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Understanding Icahn Enterprises’ Operations

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Overview of Icahn’s ten operating segments

Icahn Enterprises (IEP) enters into businesses that have good growth potential. It develops these businesses or portfolios with the help of its management teams.

IEP’s segments invest in businesses that they believe to be undervalued. IEP has the strong financial muscle to park its permanent capital for long-term horizons.

The diagram above shows the sectors that IEP has exposure to, excluding its investments.

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Energy and automotive contributed the most to revenue

The energy and automotive (FDML) segments contribute a total of ~83% to IEP’s revenue. In 2015, the energy segment contributed 34% to IEP’s total revenue, while the automotive segment contributed 49%.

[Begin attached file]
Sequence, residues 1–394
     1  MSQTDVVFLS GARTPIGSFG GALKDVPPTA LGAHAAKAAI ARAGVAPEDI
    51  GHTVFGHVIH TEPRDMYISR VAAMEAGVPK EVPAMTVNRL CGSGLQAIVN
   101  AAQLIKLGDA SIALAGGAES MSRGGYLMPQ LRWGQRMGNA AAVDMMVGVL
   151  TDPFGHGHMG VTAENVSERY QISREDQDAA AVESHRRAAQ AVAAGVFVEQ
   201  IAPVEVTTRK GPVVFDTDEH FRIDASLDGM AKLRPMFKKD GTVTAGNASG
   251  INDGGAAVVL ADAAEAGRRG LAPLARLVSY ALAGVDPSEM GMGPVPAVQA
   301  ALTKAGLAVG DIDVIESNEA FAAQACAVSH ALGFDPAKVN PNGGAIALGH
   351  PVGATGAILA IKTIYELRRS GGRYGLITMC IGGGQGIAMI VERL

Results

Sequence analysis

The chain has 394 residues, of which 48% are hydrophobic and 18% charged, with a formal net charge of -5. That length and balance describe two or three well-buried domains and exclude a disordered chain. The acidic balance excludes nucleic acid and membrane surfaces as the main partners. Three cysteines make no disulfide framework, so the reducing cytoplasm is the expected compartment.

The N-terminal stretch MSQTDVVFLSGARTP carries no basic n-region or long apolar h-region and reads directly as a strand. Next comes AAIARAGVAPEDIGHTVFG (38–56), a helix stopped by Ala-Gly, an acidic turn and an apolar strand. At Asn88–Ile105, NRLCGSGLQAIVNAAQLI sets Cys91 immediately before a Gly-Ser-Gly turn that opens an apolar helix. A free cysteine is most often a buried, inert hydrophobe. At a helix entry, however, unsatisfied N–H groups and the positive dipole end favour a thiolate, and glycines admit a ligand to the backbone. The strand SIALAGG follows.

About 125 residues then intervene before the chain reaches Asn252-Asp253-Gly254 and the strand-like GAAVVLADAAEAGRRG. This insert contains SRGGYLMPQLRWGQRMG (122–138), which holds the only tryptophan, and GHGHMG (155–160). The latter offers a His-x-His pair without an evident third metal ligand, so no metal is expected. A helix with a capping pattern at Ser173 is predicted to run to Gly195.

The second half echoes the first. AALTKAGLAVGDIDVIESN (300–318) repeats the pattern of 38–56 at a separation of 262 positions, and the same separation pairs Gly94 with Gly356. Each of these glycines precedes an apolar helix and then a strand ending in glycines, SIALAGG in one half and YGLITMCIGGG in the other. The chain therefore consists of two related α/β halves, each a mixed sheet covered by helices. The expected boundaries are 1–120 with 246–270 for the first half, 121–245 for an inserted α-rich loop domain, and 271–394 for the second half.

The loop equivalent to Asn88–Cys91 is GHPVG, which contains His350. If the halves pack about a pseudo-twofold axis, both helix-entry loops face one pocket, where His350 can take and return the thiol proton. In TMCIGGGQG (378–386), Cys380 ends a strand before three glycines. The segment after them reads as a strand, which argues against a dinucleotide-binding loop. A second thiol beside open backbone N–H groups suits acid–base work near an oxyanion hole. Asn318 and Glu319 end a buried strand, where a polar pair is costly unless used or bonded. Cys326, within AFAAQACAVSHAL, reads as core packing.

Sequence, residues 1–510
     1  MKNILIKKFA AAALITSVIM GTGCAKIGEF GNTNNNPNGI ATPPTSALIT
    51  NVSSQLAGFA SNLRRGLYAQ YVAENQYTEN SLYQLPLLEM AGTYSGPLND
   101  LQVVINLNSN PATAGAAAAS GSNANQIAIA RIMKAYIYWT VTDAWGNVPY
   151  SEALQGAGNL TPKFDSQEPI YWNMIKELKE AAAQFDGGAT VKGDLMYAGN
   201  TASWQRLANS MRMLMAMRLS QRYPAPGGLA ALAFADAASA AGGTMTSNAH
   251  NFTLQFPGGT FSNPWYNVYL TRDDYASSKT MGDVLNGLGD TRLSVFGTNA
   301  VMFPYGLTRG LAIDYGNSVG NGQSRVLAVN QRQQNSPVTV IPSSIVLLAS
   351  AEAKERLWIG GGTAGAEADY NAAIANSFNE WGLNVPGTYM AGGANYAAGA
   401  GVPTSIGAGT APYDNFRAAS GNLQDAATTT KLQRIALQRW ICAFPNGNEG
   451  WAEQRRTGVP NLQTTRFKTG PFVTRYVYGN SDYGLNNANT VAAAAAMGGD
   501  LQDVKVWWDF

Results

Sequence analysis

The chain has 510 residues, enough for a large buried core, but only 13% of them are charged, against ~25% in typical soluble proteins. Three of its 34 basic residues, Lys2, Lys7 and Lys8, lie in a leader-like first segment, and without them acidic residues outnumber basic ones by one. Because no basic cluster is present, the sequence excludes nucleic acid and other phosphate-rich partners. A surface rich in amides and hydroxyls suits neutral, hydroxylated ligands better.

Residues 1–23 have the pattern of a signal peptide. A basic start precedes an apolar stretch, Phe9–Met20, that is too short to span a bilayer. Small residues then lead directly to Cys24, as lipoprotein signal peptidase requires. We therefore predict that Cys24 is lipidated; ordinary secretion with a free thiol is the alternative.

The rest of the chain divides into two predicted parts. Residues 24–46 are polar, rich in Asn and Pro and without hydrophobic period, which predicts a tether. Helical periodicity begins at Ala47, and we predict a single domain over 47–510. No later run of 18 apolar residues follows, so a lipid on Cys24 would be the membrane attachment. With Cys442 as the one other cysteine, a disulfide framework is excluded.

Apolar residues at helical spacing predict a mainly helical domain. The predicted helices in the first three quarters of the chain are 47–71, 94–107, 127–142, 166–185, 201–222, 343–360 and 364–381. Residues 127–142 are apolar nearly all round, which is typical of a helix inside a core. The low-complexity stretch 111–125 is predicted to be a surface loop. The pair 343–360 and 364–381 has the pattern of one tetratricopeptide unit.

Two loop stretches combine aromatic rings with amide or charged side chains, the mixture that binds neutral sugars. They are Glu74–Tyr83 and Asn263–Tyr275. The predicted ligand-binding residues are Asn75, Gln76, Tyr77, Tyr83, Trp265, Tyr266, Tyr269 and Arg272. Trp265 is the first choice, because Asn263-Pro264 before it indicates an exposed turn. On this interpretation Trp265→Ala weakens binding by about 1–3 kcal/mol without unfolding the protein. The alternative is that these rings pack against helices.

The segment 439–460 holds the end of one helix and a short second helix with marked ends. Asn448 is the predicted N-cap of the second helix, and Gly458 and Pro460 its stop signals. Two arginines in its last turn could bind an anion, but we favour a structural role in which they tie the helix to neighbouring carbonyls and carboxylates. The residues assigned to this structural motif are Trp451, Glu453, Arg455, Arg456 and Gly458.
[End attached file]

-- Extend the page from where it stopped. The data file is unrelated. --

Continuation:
Double-digit year-over-year (or YoY) growth was seen in IEP’s real estate, railcar, and home fashion segments. The real estate segment’s revenue rose 30%, from $101 million in 2014 to $131 million in 2015. This robust rise in the segment’s revenue was on account of its sale of 14 commercial rental properties.

The railcar segment’s (ARII) revenue rose 19%, from $790 million in 2014 to $939 million in 2015. This was on account of growth in its fleet leasing. The segment’s fleet grew 13% to approximately 45,000 railcars in 2015, compared to 40,000 at the end of 2014.

The home fashion segment’s revenue rose 10%, from $176 million in 2014 to $193 million in 2015. The rise can be attributed to higher sales volumes.

Oil and gas, industrials affected the metals segment

The metals segment, which includes PSC Metals and CVR Energy (CVI), showed a double-digit YoY fall. The segment’s revenue fell 49%, from $711 million in 2014 to $361 million in 2015. Its lower revenue was due to slumps in the oil and gas (XOP) and industrials (XLI) sectors.

The steep fall in IEP’s metals segment sales was on account of lower sales volumes and selling prices. In the energy segment, sales fell 41% in 2015.

From April 2015 to April 2016, IEP fell ~33% compared to the SPDR S&P 500 ETF (SPY), which fell 1%. In the same period, Icahn’s peers Leucadia (LUK) and Loews (L) fell 26% and 7%, respectively, and Berkshire Hathaway (BRKB) rose 3.4%.

Now it’s time to examine Icahn’s investment segment.

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